Iconic projects as catalysts for brownfield redevelopments: The developers’ perspective towards the conditions of iconic projects that incite brownfield redevelopments
Brink management / advies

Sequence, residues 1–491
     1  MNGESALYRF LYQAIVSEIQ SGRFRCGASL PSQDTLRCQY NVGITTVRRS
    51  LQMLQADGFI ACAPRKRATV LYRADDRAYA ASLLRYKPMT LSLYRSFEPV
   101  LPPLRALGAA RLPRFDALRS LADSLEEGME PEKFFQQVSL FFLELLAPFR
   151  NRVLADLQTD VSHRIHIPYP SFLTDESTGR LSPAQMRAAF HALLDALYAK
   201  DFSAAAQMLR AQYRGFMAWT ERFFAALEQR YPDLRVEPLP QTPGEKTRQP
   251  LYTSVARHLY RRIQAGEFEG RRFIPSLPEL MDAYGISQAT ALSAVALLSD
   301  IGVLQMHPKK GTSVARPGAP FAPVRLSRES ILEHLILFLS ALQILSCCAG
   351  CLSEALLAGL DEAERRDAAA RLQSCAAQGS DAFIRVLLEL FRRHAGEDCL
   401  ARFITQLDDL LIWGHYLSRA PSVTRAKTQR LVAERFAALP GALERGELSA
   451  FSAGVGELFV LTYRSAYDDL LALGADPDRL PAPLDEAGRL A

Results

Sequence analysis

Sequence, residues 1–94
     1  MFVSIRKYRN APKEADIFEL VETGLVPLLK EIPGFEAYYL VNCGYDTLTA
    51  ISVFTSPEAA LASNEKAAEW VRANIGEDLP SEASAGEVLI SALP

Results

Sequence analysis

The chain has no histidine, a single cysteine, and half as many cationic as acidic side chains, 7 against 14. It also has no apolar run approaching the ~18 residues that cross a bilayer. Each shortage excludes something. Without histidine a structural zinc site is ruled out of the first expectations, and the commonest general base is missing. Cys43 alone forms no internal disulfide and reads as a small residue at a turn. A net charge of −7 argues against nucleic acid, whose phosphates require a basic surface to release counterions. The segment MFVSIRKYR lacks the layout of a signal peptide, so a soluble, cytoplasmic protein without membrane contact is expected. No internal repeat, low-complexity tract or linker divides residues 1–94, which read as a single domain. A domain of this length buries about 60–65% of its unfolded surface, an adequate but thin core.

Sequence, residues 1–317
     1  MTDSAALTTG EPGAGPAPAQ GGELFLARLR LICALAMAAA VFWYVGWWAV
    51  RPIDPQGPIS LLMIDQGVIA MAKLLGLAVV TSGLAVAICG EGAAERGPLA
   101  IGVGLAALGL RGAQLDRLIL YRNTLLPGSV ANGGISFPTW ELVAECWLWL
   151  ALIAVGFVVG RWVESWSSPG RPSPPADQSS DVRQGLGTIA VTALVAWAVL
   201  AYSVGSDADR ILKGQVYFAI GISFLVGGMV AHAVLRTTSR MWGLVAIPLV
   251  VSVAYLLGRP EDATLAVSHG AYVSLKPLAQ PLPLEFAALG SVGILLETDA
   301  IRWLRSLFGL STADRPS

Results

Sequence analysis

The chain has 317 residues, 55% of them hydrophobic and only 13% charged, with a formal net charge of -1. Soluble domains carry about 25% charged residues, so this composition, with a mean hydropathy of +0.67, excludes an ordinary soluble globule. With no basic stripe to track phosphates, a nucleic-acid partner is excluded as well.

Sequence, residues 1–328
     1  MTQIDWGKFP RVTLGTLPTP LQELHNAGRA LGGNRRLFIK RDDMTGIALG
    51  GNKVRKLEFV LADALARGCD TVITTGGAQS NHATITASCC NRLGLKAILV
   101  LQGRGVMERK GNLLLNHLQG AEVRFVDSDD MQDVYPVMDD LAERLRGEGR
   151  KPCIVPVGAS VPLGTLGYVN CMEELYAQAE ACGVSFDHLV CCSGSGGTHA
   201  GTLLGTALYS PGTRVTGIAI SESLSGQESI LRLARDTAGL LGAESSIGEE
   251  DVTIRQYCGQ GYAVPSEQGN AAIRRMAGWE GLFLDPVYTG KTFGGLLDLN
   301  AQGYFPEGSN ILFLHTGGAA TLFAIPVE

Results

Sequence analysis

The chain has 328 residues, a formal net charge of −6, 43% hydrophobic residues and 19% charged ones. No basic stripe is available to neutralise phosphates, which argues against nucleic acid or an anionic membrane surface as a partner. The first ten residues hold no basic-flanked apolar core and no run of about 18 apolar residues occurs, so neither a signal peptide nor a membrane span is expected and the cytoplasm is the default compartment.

Urbanisation is a global trend that continues to occur as the percentage will rise up for 55% to 68% in 2050 (United Nations, 2018). This movement of society towards the urban environment is clearly evident in the Netherlands too, particularly in the country’s four major cities: Amsterdam, Rotterdam, Utrecht and The Hague. Due to its increasing growth, one-thirds of the total Dutch population is expected to be living in these four major cities in 2030 (CBS & PBL, 2016). Research, however, shows that the market currently takes up solely a quarter of the Dutch residential demands within the city centres (Verheul & Daamen, 2017). This generates the need for cities to further develop their urban areas and therefore large transformation areas must be addressed (Brink, 2017). Taking into account the potential of brownfield sites in the Netherlands, these areas deserve attention and priority in the short and medium-long term. However, there is not enough knowledge available on operational level to stimulate their redevelopments. Iconic projects are often deliberately proposed by municipalities for their catalytic function, as they can generate economic and socio-cultural spillovers and could stimulate area redevelpoments (Doucet 2010; Verheul, 2013). Research into the influence of iconic projects has been done for years already, however insights into the particular conditions that have these catalysing spillover effects on surrounding developments are lacking. As a result, this research aims to gain better understanding about what conditions of iconic projects could incentivise developers to (re)develop in brownfield areas. The conditions of iconic projects that could generate these incentivising spillovers have been explored by doing three in-depth holistic case studies. Therefore, both retrospective and prospective case studies have been conducted on brownfield areas in Rotterdam. A ‘one of best practice’ case study has been selected for the retrospective case study (Case I: Wilhelminaper) to better understand the catalysing effects of iconic projects by initially reflecting on an already successfully redeveloped brownfield area. As sources of error due to confounding bias are common in retrospective case studies, the findings have been compared with case study findings from a current brownfield redevelopment (Case II: Katendrecht). As no successes have yet been achieved, the prospective case study (Case III: Merwe-Vierhavens) declares possible confounding or biases of the retrospective case study and has in particularly been used to draw an advice for future and contemporary brownfield redevelopments. After conducting document studies on the brownfields redevelopments and semi-structured interviews with project developers and managers active in the case study areas, incentivising conditions could be identified. All pre-defined conditions of iconic projects have incentivised real estate developers and thus all pre-defined conditions contribute to catalysing surrounding developments. However, all to a certain degree. The functional and sociocultural characteristics of iconic projects are most important incentivising conditions for surrounding (re)developments. These are followed by the location and image of the iconic projects, that to a certain degree have incentivised (re)developments too. Least incentivising conditions of iconic projects are the development process, scale, fame of the architect and the physical characteristics of the iconic project. As the uniqueness and innovativeness of the iconic projects in the case studies have derived from the other conditions, these are not explicitly appointed an incentivising condition, which nevertheless does not mean that they could not incentivise (re)developments. The conclusions must however be nuanced. One should consider the fact that each brownfield has different interests as well as other concerns. As a consequence, the aforementioned conclusions can not be provided through a concrete list of preconditions necessary for iconic projects to successfully catalyse brownfield redevelopments.Regarding the renewal of Katendrecht, a note must be made with regard to the extent to which single iconic projects have catalysed surrounding (re)developments. Prior to the iconic developments, the municipality of Rotterdam, Woonstad Rotterdam and Proper Stok/Heijmans actually laid the foundation for these developments. Even in difficult and uncertain economic times, these parties have continued to the commitment to revitalise Katendrecht. This consequently enabled the development of iconic projects, which again catalysed further developments.Regarding the redevelopment of the Wilhelminapier, it must be noted that many government investments preceded and only later, private investments followed. As a consequence, it is clear that certain conditions of iconic projects indeed catalysed surrounding developments, however it is unsure it these projects would have been developed and thus functioned as catalysers too without the preceded public investments. These public investments, however, have been a very strategic move as they have started mutual reinforcement.In other words, the one project development functioned as a catalyst again for the next one. Actually all projects thus have had a catalysing effect on the surrounding developments in their own way. Insights in the conditions that contribute to incentivising real estate developers to develop, offer municipalities better perspective on design principles and governance models that could be strategically deployed when tackling brownfield redevelopments. Through finding the conditions that could incentivise developers, the first preliminary steps in the direction of meeting the short to medium-long term residential demand in urbanised areas can be set in stone.